The problem is that magnetoreception is still a sense shrouded in great mystery to science. If one thing seems clear, it is that it can come in many forms. Cartilaginous fish such as sharks and rays have organs called the ampullae of Lorenzini, which are sensitive to electric fields, but can also detect magnetic fields by induction, the working principle of transformers or electric motors. On the other hand, salmon and other fish have cells with particles of magnetite (an iron oxide) that orient themselves according to the geomagnetic field, and which could hold the key to the ability of these fish to return to spawn in the same river in which they were born. Magnetite in the abdomen of honeybees also appears to be responsible for their magnetic navigation, and a similar mechanism may also be used by sea turtles in their migrations and to find the sea after emerging from their eggs on the beach. On the other hand, it has been proposed that it could be magnetic bacteria that confer this sixth sense to the animals in whose bodies they live in symbiosis.
The magnetic compass of animals
Even more astonishing is the mechanism discovered in birds: photoreceptor cells in their retina possess pigments called cryptochromes that respond to magnetism by a quantum phenomenon called radical pairs, which biophysicist Klaus Schulten first proposed in 1978 as an explanation for the compass of animals. Blue light excites an electron in the molecule, resulting in the formation of a pair of entangled electrons whose spins are altered by the Earth’s magnetic field, sending a signal to the optic nerve. One cryptochrome in particular that is especially sensitive to magnetism, called Cry4, is present in abundance during the migratory season of certain birds, and in a more active form than in others that do not migrate.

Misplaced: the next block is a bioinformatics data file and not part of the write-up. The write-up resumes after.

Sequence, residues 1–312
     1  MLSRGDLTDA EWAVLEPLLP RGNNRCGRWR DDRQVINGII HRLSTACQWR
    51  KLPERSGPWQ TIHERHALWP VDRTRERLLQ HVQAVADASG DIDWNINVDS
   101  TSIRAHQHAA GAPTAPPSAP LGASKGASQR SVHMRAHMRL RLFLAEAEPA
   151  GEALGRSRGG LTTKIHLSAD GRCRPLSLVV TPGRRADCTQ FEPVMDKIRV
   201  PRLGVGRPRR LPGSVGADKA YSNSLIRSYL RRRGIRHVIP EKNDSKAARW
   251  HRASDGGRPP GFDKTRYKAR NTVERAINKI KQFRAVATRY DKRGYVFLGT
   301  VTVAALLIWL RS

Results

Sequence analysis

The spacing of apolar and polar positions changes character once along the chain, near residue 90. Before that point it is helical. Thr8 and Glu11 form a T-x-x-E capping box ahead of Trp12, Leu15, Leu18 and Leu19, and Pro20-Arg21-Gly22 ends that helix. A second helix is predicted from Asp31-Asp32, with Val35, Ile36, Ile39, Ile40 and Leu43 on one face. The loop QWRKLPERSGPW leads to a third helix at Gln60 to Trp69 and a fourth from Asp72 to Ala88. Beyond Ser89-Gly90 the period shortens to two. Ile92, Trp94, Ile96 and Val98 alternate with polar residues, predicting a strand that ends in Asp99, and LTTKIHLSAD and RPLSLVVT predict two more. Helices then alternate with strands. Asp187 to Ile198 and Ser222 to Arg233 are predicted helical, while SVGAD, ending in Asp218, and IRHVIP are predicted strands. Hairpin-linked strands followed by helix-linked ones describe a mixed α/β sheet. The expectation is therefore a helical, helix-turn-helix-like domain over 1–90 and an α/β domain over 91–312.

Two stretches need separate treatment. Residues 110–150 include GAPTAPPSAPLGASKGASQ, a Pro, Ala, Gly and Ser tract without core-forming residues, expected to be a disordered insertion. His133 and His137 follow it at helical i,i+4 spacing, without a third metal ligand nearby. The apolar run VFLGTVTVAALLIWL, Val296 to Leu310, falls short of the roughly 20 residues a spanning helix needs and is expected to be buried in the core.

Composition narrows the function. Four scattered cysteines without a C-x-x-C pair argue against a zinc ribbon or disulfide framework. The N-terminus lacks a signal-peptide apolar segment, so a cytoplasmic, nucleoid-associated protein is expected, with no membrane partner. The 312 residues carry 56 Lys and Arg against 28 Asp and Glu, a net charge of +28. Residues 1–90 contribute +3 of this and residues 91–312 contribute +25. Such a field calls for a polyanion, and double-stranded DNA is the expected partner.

In 1972, Roswitha and Wolfgang Wiltschko of the Goethe University in Frankfurt showed that birds respond not only to the direction of the magnetic field and its declination— deviation from the geographic poles—but also to its inclination: the field lines dip at the magnetic poles and are horizontal at the equator, so their slope relative to the surface tells them what latitude they are at. In contrast, this system cannot distinguish between north and south polarity, unlike magnetite. Dmitry Kishkinev at Keele University and Richard Holland at Bangor University (UK) have described how the Eurasian reed warbler, a migratory bird of Eurasia and Africa, uses this set of magnetic guides like a GPS system to create a global map in the same way that humans do with our coordinate system.
Thus, “analyses of the functional characteristics clearly show that the magnetic compass is not uniform among vertebrates,” Roswitha Wiltschko summarises for OpenMind. But while this may lead to the idea that the different mechanisms are well distributed among the different branches of the animal kingdom, this does not seem to be the case: birds have magnetite in their upper beaks, and amphibians and sea turtles also have magnetic field-tilting compasses; but as Wiltschko explains, “while that of birds needs light from UV to green, that of amphibians requires light from UV to blue, and that of turtles does not require light at all.”